Active Food Systems
Region: East of England
Location: Offord Cluny, Cambridgeshire
Programme: Coronavirus Business Interruption Loan Scheme
Having grown significantly over several years, cooking technology manufacturer Active Food Systems saw its sales plummet as a result of COVID-19. Lacking the funding to continue on its upward trajectory, the company looked to the Coronavirus Business Interruption Loan Scheme (CBILS) for support.
Read what the business had to say in this CBILS case study.
British Business Bank: Can you tell us what your company does?
Andrew Edwards, finance director of Active Food Systems: We’re based in Cambridgeshire and we specialise in commercial cooking technologies, specifically our internationally patented commercial chargrill, the Synergy Grill.
The product is unique in that it doesn’t generate fat that the user has to dispose of after cooking. At present, more than 2,000 restaurants are using it.
The coronavirus has affected a huge number of businesses across the UK. What problems were you facing as a result of the outbreak and what made you apply for CBILS support?
We serve the food/hospitality sector, and before the pandemic our sales had grown for six successive years. During the first part of 2020, we were on track once again for record growth.
But once restaurants and other food premises closed, our sales went down by 90%. This came at a critical time — we had several business development projects in play which were designed to build on that growth we’d seen over the previous few years. We couldn’t complete any of these projects without funding.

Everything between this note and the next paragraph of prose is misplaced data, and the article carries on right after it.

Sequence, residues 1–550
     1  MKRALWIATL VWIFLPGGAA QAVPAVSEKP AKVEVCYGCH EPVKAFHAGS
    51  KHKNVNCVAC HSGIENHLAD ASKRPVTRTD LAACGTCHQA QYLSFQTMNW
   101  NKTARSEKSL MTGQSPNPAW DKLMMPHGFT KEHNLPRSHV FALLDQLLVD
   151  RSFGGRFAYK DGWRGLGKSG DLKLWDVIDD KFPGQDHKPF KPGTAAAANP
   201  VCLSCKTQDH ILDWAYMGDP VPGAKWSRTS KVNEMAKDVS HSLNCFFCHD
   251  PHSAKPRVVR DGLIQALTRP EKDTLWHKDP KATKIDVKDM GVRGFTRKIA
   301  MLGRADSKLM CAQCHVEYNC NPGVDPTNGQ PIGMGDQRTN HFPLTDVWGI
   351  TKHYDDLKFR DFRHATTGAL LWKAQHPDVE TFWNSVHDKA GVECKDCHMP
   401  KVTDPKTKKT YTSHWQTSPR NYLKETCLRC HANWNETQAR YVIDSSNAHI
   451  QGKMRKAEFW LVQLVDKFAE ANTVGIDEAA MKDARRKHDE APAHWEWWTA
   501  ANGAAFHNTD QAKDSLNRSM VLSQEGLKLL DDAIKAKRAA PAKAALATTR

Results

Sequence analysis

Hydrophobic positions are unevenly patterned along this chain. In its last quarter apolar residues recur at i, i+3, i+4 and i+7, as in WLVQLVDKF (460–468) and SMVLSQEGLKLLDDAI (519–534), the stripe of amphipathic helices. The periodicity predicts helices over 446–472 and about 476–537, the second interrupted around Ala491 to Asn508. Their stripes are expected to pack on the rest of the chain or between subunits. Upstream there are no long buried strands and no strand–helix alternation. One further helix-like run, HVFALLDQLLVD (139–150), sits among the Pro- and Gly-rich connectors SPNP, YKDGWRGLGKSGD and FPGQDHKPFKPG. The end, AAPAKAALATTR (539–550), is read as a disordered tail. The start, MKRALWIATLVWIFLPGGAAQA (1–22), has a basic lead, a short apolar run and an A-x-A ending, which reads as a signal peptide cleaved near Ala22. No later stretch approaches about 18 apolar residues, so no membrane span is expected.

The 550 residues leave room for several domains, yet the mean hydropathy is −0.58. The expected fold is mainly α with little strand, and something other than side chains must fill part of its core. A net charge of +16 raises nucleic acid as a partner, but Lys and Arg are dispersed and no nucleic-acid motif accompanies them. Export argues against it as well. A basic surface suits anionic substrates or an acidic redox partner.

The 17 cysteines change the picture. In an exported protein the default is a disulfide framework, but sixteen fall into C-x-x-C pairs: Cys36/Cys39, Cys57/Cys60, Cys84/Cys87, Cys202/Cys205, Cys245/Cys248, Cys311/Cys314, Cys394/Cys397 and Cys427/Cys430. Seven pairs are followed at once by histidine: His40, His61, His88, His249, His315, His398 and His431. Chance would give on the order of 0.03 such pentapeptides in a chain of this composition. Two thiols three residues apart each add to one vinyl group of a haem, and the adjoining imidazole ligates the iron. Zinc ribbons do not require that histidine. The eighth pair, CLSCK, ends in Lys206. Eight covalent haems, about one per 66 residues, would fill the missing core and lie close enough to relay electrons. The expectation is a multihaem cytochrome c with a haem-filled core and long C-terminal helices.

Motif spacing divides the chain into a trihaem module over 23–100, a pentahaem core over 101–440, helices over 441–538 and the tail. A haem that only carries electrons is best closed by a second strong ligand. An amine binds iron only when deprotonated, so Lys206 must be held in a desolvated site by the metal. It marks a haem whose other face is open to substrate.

How long did the application process take? Did you need any support?
We applied to NatWest for the loan and the whole process, from putting in the application to receiving the funds, took three weeks.
“Investment is vital to us, but the pandemic has stretched our investors’ resources considerably. The CBILS loan allows a small niche technology business that represents the very best of British design and engineering to continue to create wealth for all its stakeholders.”
Andrew Edwards, finance director of Active Food Systems
What advice would you give to other businesses that are applying for a CBILS loan?
It’s important to get your application right first time, so I’d strongly recommend working closely with the business relationship manager (BRM) at your bank.
Only they have access to the underlying underwriting committees that make the key investment decisions, so furnish your BRM with a comprehensive pack that brings together all the salient information needed to support your application for a loan.
How has the CBILS loan helped your business to weather the outbreak? And what might have happened if you hadn’t received it?
While our business already had strong support, the exceptional nature of the pandemic stretched our investors’ financial resources to the point that, without the loan through CBILS, we wouldn’t have been able to stimulate matched funding from our shareholders or complete the development projects we’d started.
We’d also be forced into stopping research and development, losing key young workers we’d trained and letting down established customers.
Instead, the CBILS loan allows us to expand vital business links, maintain exports and support training and employment for the longer term with confidence.